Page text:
Plates were read on the PHERAstar FS in bottom read mode using the 620/660 nm optic module. A 5x5 spot read matrix was selected to read from a 4 mm diameter in each well (a reduced diameter eliminates the edge of the well and any anomalies in the distribution of the cells in this region). Prior to reading the plate a Z-height scan was performed to identify the optimal height for quantifying fluorescence bound to the cell layer at the bottom of the well. An automated gain adjustment was also performed, to give an optimal gain of 3300. With the above settings applied to the measurement a read time of 2.5 minutes per plate was possible.

Results and Discussion

The BODIPY 630/650-labelled fluorescent ligands bound to their target receptors and were detected using the PHERAstar FS. Mean fluorescence intensity differences between positive controls (fluorescent ligand without unlabelled competitor) and negative controls (without fluorescent ligand) were used to calculate assay robustness Z' Factors.(1) Binding of the fluorescent ligands was displaced by the appropriate unlabelled competitor. The pKi for the ligand-receptor combinations are given below.

The XAC-derivative adenosine A3 receptor antagonist, CA200645, binding to human adenosine A3 receptors gave a Z'-Factor of 0.62 ± 0.07 (mean ± SEM, n=6). The adenosine A3-selective antagonist MRS1220 displaced the fluorescent ligand, CA200645, with a pKi of 8.58 ± 0.12 (n=5) (Fig. 2). This value is similar to the reported pKi for MRS1220 at the adenosine A3 receptor of 8.76, determined in a radioligand binding assay.(2)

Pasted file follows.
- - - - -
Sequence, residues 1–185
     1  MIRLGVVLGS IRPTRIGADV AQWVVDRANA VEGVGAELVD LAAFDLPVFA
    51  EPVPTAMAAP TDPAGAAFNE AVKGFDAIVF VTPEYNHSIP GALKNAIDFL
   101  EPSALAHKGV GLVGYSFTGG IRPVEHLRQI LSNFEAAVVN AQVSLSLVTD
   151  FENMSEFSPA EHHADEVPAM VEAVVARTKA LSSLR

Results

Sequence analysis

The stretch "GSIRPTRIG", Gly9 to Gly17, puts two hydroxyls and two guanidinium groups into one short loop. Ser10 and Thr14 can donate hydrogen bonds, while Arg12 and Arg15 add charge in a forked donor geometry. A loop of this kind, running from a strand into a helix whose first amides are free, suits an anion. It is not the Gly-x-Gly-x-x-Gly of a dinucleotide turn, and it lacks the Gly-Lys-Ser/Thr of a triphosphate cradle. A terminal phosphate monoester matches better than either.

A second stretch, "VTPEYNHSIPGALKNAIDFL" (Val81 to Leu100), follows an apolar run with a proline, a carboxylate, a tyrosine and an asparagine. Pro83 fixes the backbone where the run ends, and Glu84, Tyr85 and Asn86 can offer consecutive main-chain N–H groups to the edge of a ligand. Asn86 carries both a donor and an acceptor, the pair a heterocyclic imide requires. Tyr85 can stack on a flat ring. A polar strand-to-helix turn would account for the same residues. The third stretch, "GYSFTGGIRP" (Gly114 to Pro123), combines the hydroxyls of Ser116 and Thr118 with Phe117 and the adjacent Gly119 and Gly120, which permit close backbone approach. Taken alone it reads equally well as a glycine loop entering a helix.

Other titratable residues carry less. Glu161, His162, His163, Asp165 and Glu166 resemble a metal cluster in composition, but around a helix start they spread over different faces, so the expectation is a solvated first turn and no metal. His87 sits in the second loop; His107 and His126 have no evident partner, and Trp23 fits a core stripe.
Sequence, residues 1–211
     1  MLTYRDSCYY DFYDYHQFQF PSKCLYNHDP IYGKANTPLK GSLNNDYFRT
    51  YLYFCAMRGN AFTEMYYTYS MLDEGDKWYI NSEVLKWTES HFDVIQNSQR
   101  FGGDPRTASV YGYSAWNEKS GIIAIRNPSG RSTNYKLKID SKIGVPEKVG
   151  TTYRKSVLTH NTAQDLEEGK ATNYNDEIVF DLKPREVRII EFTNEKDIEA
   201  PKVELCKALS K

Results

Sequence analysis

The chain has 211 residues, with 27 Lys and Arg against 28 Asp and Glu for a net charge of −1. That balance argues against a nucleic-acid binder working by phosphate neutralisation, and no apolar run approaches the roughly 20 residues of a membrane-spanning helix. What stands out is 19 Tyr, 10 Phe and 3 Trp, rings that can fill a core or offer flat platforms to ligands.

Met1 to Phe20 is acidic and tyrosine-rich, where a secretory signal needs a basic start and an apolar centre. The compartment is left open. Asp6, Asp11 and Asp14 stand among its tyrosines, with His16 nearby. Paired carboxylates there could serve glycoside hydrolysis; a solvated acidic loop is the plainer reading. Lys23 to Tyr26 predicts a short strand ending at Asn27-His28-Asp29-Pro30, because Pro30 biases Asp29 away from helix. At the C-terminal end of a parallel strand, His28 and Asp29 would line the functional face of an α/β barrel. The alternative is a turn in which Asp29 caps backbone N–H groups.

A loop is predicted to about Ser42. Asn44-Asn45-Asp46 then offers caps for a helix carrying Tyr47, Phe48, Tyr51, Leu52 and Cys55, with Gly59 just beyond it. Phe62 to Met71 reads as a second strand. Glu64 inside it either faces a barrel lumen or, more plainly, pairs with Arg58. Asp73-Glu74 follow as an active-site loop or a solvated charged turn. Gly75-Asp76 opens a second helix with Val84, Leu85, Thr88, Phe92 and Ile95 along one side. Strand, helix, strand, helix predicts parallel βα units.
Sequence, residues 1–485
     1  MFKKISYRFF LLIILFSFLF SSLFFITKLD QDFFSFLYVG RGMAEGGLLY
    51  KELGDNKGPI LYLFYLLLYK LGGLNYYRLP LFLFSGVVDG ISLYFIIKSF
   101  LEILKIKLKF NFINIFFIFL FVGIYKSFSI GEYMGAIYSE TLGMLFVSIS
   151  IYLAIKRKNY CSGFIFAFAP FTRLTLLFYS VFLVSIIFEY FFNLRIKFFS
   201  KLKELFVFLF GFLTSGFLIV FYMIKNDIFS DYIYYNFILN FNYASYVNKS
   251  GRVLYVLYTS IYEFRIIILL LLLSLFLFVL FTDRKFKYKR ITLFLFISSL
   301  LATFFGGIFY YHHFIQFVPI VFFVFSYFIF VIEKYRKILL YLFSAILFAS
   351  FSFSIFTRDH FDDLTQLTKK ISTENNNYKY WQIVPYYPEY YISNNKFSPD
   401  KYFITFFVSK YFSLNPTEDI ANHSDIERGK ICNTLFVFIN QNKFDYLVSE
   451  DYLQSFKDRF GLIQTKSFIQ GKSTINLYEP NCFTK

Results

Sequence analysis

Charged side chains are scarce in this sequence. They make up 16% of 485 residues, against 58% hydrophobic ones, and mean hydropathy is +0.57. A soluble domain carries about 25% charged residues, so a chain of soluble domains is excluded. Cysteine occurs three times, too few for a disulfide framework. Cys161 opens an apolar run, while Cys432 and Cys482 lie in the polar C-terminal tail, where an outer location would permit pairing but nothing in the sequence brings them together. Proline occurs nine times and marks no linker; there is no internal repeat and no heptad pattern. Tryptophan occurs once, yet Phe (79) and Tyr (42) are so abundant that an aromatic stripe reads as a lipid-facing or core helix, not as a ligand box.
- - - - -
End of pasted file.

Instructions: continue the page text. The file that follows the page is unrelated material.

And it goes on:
Fig. 2: Fluorescent ligand binding at human adenosine A3 receptors, and displacement with the unlabelled A3 selective competitor MRS1220.

The A3 receptor antagonist, CA200645, bound with lower affinity to adenosine A1 receptors, giving a Z'-Factor of 0.61 ± 0.1 (n=5). The A1-selective antagonist DPCPX was able to displace the A3-selective fluorescent ligand, to give a pKi of 7.47 ± 0.10 (n=4) (Fig. 3). The reported pKi for DPCPX at adenosine A1 receptors is 8.41.(3)


Fig. 3: Fluorescent ligand binding at human adenosine A1 receptors, and displacement with the unlabelled A1-selective competitor DPCPX.

The SKF-83566-derivative dopamine D1 receptor antagonist, CA200767, gave a Z'-Factor of 0.40 ± 0.13 (n=3). The D1-selective antagonist SCH23390 displaced the fluorescent D1 ligand to give a pKi of 8.63 ± 0.03 (n=3) (Fig. 4). The reported pKi for this ligand at the dopamine D1 receptor is between 9.3(4) and 9.7.(5)


Fig. 4: Fluorescent ligand binding at human dopamine D1 receptors, and displacement with the unlabelled D1-selective competitor SCH23390.

Conclusion

These data illustrate the capability of the PHERAstar FS to rapidly and robustly quantify fluorescent ligand binding to live cells expressing recombinant human GPCRs in 96-well format using a simple 'add > mix > wash > read' assay protocol, analogous to whole-cell radioligand binding assays, but with inherent safety and cost advantages. It also offers considerable read and analysis time saving advantages over HCA assays, potentially making this format suitable for high throughput screening (HTS). In addition to the data shown CellAura have also used the PHERAstar FS to multiplex their BODIPY 630/650 ligand binding assay with other fluorophores such as Hoechst or DAPI to normalise for cell number.
It may also prove possible to measure down-stream second messenger activation, such as Ca++ using the same cells, to add even more value to the assay data that can be achieved.

References

  1. Zhang JH, Chung TD and Oldenburg KR. (1999) J. Biomol. Screen. 4(2), 67-73.
  2. Jacobson KA, et al. (1997) Neuropharmacology 36(9), 1157-1165.
  3. Klotz KN, et al. (1998) Naunyn Schmiedebergs Arch. Pharmacol. 357(1), 1-9.
  4. Lan, H. et al. (2006) Mol. Pharmacol. 69(1), 185-194.
  5. Bourne, J.A. (2001) CNS Drug Rev. 7(4), 399-414.